19th century romanticization of a
Viking human harvesting expedition.
Oh, those Romantics!

After the death of their Danish king, Cnut, in 1035, and then his short-reigned son, Harthacanut, the Anglo-Saxons, through their version of a kind of proto-parliament, the witenagemot, elected their own king, Edward (later known as "the Confessor" for his self-styled piety). The son of Cnut's predecessor, Aethelred "the Unready" and Emma of Normandy (who also married Cnut on Aehtelred's death--yes, she got around), Edward had spent 25 years of his youth in exile as a guest of his mom's family, Duke Robert I of Normandy and then his son William. So when he returned to assume the throne after a quarter century abroad, he was regarded by most Anglo-Saxons as a bloody, Norman-loving foreigner.

But, to curtail Edward's foreign affections, the king had a very powerful Anglo-Saxon as defacto "hand" (to borrow from a recently popular fantasy series), one who was thought to put his own people's interests first--to say nothing of his own family's.

Godwin, Earl of Essex

One of the most powerful families in Anglo-Saxon England during Edward's reign was that of Godwin, Earl of Wessex. Popular as indigenous champions of Alfred's greatness and the Anglo-Saxon way of life and government, Godwin and his sons had many allies. Godwin, the first Earl of Wessex, was both Cnut's and then his son Harthacanut's right hand man in England, helping them manage these odd people. And then, on Edward's accession, he became the new king's chief link to the English nation. It was, in fact, Godwins' influence on Harthacanut that brought Edward back to inherit the crown in 1042. So Edward owed the powerful man bigly.

Edward, in his earlier years as king, was probably intimidated by Godwin's influence and power, but accepted it as gratitude for his support in getting him the crown, and also as a survival condition. Edward also had no particular acumen for ruling, focused as he was on more spiritual matters. And, spending his formative years in France, he didn't even speak English (or Old English) well.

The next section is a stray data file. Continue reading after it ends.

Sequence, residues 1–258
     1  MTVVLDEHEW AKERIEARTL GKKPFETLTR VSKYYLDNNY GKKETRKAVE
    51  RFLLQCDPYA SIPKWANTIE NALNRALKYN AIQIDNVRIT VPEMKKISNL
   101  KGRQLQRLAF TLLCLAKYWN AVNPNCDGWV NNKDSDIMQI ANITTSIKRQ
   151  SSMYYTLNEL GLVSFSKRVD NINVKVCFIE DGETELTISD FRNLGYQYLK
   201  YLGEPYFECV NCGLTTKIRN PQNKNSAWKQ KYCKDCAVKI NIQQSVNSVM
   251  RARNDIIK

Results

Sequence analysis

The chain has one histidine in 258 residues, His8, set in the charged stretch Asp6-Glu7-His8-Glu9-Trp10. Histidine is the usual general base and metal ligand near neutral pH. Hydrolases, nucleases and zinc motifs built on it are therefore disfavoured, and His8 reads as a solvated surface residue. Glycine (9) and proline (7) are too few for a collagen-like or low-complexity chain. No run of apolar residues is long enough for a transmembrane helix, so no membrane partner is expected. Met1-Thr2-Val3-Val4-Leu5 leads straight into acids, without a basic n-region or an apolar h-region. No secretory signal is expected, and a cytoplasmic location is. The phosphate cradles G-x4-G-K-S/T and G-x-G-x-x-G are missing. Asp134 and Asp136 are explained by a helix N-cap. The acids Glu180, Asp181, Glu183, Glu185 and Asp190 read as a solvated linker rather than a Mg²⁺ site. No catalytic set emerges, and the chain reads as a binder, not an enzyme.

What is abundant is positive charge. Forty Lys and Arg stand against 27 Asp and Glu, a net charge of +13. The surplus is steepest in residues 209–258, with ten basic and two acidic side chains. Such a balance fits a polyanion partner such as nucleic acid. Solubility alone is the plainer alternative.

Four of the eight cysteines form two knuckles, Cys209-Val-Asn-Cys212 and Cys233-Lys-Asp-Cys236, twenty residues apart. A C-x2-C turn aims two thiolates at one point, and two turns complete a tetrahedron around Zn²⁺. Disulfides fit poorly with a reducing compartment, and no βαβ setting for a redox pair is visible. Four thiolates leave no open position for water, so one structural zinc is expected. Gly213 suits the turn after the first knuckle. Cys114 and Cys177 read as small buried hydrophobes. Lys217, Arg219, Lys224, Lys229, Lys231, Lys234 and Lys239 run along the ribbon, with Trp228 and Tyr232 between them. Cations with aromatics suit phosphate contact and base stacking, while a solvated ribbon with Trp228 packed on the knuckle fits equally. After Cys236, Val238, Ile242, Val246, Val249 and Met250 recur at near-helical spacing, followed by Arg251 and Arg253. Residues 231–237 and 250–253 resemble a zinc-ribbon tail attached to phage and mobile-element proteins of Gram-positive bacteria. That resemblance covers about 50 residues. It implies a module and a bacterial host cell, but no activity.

Because of his exiled background, the new king also intemperately brought with him many Norman friends with whom he had grown up, giving them property, titles, and important positions in his government. His ties to his former "hosts"was servile, which tended to rub the native English the wrong way. But accepting the strong, politically astute and popular Godwin as his principle chamberlain somewhat reassured the native English that one of them, a true Anglo-Saxon, was running things. Except for a brief period when Edward's Norman drinking buddies had forced the Godwin family into temporary exile, Edward let Godwin run the affairs of state from 1052 on (In fairness, it hadn't just been the Normans friends who influenced Edward to kick Godwin out, it had also been a grudge from when the earl had had Edward's half-brother Alfred's eyes burned out with red-hot pokers. That might have had something to do with it too.)

Following Godwin's reinstatement after his exile, one of the first things he had the pliant king do was dismiss all of his Norman entourage. He was, in practice, the king's regent, his eminence grise, the King's Hand (well, that's a fantasy title). At least until 1053 when the earl died, choking, according to Norman propaganda, on a baguette. But it was probably just a stroke. Not nearly as demeaning. Or as lurid as burned-out eyeballs.

Then the role of "regent" fell to Godwin's oldest living son, Harold Godwinson. Hence the last name.

Panel 1 of the Bayeux Tapestry, showing Harold Godwinson counseling King Edward on the left.
The right hand section shows Harold hunting with his thegns, his falcon, and his dogs. Ah, those were good times, good times.

Harold Godwinson takes charge.

For a time Harold was a national hero. He and his brother Tostig subdued an invasion by the Welsh and neutralized the always-irritating Scots. He also continued the campaign to reduce Norman influence in England.